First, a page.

A crowdfunding campaign for a Jewish solicitor in Scotland has almost raised enough money to cover his fine, after he was ordered to pay £1,750 and attend “diversity training” following a spat with Palestinian supporters over an Israeli shop.
Matthew Berlow, a criminal lawyer, this week labelled the sanction “perverse,” after being reprimanded for online comments after the Scottish Palestine Solidarity Campaign protested the sale of Dead Sea products at an Aberdeen shopping centre, in which he called them “scummy racists”.
Dr Karolin Hijazi, a pro-Palestinian campaigner and lecturer at the University of Aberdeen’s Institute of Dentistry, is understood to have complained to the Law Society of Scotland (LSS), which issued the fine and ordered Berlow to attend “diversity training”.
The LSS said it did not comment on individual cases and that it had not produced a written judgement following the ruling.
A crowdfunding effort to pay the solicitor’s fine has been set up, and by Wednesday lunchtime it had covered almost the full amount. Supporters hope to raise a total of £4,000 for Berlow to appeal to the Scottish Solicitors Disciplinary Tribunal.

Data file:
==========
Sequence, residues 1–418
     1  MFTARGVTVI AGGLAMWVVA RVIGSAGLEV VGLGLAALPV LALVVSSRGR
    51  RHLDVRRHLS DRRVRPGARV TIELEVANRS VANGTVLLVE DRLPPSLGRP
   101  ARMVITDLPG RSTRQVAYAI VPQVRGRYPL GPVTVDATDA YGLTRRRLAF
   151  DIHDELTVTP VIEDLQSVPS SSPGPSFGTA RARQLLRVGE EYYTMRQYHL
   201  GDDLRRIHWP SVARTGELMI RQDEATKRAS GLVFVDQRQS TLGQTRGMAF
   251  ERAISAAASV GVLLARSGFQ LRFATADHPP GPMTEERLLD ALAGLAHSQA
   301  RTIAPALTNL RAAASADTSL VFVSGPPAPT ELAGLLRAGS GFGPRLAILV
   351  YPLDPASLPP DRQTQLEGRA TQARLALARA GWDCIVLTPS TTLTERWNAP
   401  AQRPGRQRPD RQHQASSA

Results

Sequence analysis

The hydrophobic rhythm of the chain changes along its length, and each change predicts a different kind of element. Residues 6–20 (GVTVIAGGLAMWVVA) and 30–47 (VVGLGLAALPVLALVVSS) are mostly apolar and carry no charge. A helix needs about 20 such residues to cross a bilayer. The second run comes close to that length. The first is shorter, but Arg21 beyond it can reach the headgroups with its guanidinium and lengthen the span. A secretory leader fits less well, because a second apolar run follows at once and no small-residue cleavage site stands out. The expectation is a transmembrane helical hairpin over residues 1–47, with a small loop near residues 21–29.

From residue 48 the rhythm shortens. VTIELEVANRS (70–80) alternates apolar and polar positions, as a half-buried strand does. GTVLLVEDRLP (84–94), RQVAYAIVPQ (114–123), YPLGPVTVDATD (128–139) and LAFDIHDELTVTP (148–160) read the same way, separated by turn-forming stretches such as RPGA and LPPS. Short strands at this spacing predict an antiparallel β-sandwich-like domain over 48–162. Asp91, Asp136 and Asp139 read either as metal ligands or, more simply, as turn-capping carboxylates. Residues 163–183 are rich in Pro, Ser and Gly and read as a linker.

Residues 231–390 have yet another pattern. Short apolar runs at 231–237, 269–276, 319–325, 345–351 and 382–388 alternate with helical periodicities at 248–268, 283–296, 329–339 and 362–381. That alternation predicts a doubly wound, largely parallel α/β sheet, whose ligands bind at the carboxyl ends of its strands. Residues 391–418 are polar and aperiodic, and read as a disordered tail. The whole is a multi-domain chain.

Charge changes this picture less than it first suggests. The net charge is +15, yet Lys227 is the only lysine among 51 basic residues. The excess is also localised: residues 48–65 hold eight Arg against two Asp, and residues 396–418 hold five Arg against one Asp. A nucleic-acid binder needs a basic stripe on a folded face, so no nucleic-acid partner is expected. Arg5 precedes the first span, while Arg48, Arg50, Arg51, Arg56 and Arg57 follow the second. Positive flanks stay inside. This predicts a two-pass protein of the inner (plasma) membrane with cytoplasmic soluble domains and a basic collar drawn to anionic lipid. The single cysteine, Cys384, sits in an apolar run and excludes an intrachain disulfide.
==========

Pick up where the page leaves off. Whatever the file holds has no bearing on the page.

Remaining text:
Berlow sais his initial comments were aimed at the SPSC generally and he had never previously heard of Hijazi. He said: “I accused them on social media of being racists, cowards and bullies… Unfortunately I have been exposed to risk in that I am a member of a profession and therefore prone to spurious complaints made by those with an agenda.”
Speaking to Jewish News, Berlow confirmed he would be appealing, saying: “The Law Society has got it wrong and the diversity training aspect is perverse… The support has been amazing and I am overwhelmed with gratitude.”
Berlow, who is married to a Bangladeshi Muslim and supports a two-state solution, had his first run-in with the Scottish Palestine Solidarity Campaign ten years ago during a protest outside a branch of Waitrose selling Israeli fruit.
This week he told Jewish News: “I was ordered to undergo diversity training even though I was the one calling out racism. I will not be doing the training unless I lose the appeal, in which case I’ll have to.” He was also ordered to pay £100 to Hijazi, a lecturer who he called a “snowflake”.
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